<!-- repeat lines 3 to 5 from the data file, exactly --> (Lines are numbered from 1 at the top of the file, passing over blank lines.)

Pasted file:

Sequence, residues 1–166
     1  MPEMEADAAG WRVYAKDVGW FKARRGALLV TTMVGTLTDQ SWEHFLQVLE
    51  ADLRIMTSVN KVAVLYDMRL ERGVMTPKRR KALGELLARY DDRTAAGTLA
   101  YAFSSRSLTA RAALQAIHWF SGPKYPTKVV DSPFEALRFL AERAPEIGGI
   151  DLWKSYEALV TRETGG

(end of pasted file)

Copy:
    51  ADLRIMTSVN KVAVLYDMRL ERGVMTPKRR KALGELLARY DDRTAAGTLA
   101  YAFSSRSLTA RAALQAIHWF SGPKYPTKVV DSPFEALRFL AERAPEIGGI
   151  DLWKSYEALV TRETGG